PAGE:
- Full-Time Commitment: Look for a full-time coach. You want a specialist. You wouldn’t trust your health to a part-time brain surgeon, would you? Don’t be deceived by trainers, consultants, and speakers who sell coaching and mentoring programs as a back-end product or as a gap-filler when business slows down. They’re either dedicated to coaching as a profession or they’re not. Don’t hire someone who works a day job and does financial coaching for a little extra income on the side. Don’t hire a financial adviser who has dubbed himself a “money coach” but still sells investments. You want someone who is passionate enough about his profession to pursue it with full-time commitment – not someone who treats it as a sideline afterthought. Why settle for anything less?
- Depth Of Coaching Experience: How long the coach has been practicing their craft matters. For example, if you compared my coaching effectiveness and skill today with my abilities back in 1999 when I first began to practice, the difference is like night and day. There were massive holes in my skill set back then that I didn’t even know existed. It took years of trial and error to discover and solve. Experience matters, probably as much or more in coaching than other professions. I would weigh this criterion heavily. Longevity in the profession on a full-time basis can be a very good indicator of quality.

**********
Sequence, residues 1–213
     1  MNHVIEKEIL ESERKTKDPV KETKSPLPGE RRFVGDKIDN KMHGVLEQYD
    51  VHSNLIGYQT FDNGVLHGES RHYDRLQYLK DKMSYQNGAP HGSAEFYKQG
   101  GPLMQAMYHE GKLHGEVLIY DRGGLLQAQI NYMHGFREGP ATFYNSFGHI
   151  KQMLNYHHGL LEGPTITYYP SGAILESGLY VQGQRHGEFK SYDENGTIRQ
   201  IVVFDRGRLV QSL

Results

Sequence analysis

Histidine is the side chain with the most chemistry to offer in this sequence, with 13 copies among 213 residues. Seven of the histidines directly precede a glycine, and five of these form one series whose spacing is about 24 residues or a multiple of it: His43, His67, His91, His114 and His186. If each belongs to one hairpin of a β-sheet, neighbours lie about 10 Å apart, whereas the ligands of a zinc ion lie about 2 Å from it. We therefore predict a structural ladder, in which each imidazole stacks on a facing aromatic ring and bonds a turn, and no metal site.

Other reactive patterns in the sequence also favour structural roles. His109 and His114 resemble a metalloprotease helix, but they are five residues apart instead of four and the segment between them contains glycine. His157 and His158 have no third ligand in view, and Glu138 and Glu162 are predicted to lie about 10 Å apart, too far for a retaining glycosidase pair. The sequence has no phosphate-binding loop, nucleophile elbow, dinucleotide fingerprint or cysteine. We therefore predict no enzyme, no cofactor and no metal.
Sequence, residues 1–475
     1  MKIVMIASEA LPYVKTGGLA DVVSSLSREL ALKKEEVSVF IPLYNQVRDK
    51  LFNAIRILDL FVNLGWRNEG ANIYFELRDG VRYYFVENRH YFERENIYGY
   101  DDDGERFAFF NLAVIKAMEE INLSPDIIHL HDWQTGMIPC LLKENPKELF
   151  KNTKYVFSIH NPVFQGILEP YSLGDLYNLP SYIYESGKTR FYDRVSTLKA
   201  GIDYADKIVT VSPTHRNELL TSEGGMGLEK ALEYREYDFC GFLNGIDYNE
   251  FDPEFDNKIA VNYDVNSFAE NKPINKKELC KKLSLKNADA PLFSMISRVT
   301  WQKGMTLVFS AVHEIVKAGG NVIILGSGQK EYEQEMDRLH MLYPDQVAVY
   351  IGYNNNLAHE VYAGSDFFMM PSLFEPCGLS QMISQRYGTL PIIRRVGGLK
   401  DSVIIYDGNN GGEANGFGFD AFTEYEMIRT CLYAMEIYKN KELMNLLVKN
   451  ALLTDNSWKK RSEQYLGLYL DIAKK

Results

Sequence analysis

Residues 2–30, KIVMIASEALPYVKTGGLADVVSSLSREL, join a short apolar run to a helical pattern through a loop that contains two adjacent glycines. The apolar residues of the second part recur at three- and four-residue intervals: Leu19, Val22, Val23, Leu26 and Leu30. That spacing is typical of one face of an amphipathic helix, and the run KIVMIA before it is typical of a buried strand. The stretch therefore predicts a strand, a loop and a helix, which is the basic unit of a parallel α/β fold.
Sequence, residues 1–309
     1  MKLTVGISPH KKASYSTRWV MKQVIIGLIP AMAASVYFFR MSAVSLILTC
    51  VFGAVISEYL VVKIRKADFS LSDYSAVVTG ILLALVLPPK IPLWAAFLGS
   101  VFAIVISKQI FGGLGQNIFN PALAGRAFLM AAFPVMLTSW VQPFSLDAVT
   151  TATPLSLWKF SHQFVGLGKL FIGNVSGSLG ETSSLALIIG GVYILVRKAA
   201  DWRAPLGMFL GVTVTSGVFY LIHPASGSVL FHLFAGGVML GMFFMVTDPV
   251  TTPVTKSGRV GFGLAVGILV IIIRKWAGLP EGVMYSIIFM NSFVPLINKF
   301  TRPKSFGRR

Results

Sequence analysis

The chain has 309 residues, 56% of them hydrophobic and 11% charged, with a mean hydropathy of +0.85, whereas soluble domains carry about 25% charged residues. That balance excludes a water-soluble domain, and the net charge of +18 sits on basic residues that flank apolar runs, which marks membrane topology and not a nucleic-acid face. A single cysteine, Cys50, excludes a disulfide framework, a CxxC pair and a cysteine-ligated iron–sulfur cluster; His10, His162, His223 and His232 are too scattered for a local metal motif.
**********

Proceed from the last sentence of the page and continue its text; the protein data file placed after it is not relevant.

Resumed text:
- Published Articles: Read the published articles on the coach’s website. Mine are here. Does the information indicate this person can provide the next few steps in your journey toward your goal? Do you see any red flags in the writing that raises fundamental concerns about compatibility? Do you get good value from what you read?
“Many people claim to be “financial advisers” but we choose Todd because he has produced extraordinary results for himself and others using methods he has personally developed. In other words, he truly walks the talk.” – Patrick and Nancy Dean, Dean Seminars Intl.; Dillon Beach, CA
- Search The Coach’s Name: What do you find when you search their name? No public person survives on the web without some naysayers, so take this step with a grain of salt. Anybody can criticize anyone, but is there a pattern to the problem? Do the critic’s comments have substance, or are they just gripe-fests? What words does Google provide after the person’s name? These indicate popular search terms (i.e. scam, fraud, lawsuit, complaint). Contrarily, what positive or good information can you find? Sort the facts from the fiction and weigh the accumulated evidence.